Maize is the most important staple crop in the world.


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Is drought-resilient maize an answer to pressure on African farmers through climate change? The Center for Development Research (ZEF) organised a panel of experts to address this topic in Bonn, Germany.

Maize is an important staple food crop in most of sub-Saharan Africa, and it is grown on around 33 million of the total 194 million hectares under cultivation in the region. However, El Niño and global warming have had a dramatic effect on farming in many areas. The 2015-2016 El Niño event was one of the strongest on record. Among the countries affected in Africa was Ethiopia, which saw its worst drought in decades. The country, which is the continent’s fifth-largest maize producer, suffered huge crop losses, and an estimated 1.35 million farmers were left without new seed.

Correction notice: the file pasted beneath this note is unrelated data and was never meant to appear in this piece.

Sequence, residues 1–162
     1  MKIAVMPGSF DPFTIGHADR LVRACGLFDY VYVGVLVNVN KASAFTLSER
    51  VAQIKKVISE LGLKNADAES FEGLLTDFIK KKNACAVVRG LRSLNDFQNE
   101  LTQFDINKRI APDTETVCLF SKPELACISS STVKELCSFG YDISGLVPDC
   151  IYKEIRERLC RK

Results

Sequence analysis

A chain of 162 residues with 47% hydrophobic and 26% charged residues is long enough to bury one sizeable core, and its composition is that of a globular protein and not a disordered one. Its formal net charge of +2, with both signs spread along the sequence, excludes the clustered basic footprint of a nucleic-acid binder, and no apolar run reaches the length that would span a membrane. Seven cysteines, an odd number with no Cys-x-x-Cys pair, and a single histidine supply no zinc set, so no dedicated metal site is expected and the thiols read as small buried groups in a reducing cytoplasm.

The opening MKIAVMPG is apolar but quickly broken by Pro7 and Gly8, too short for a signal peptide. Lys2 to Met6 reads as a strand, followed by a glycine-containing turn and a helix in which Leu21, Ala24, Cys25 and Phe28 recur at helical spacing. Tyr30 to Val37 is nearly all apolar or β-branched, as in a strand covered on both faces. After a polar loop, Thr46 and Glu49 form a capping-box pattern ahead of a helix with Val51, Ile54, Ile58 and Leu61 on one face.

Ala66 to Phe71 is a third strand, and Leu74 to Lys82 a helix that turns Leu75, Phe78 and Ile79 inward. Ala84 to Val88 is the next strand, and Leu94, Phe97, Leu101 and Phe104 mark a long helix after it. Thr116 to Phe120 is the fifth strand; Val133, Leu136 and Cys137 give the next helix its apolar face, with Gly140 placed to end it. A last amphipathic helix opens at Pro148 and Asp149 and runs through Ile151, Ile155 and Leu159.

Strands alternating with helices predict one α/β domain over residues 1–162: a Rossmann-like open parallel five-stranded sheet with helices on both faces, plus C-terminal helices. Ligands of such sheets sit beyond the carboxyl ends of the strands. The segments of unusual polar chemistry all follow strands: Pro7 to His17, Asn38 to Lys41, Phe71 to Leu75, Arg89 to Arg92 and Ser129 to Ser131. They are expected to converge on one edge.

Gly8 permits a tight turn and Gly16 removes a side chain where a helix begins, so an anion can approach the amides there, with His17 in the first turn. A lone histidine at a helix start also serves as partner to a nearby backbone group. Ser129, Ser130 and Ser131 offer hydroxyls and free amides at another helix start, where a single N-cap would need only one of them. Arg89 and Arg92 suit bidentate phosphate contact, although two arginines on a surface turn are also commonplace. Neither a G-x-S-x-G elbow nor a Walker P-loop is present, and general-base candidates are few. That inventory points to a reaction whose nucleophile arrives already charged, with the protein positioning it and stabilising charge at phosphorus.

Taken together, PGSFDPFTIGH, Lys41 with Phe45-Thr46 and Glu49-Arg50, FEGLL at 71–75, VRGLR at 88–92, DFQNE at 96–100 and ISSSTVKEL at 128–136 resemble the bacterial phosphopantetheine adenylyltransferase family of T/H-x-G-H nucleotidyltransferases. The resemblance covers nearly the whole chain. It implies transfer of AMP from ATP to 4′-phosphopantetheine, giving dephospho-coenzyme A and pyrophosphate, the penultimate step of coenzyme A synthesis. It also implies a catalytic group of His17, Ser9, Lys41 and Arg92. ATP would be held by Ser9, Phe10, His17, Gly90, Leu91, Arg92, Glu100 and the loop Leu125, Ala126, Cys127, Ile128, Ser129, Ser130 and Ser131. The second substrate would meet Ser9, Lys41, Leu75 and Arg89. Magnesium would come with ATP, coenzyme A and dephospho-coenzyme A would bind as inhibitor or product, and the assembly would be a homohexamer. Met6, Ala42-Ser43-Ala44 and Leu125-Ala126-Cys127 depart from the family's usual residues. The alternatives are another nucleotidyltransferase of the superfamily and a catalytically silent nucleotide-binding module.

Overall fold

In West Africa, global warming is set to trigger shorter rainy seasons, more arid conditions, longer dry spells and more droughts. According to the International Institute of Tropical Agriculture (IITA), farmers in Northern Ghana consider drought and floods as the biggest challenges to their income and to food security. Together with the International Maize and Wheat Improvement Center (CIMMYT), IITA launched the “Drought-Tolerant Maize for Africa” (DTMA) project in 2006 that now operates in 13 countries in sub-Saharan Africa.

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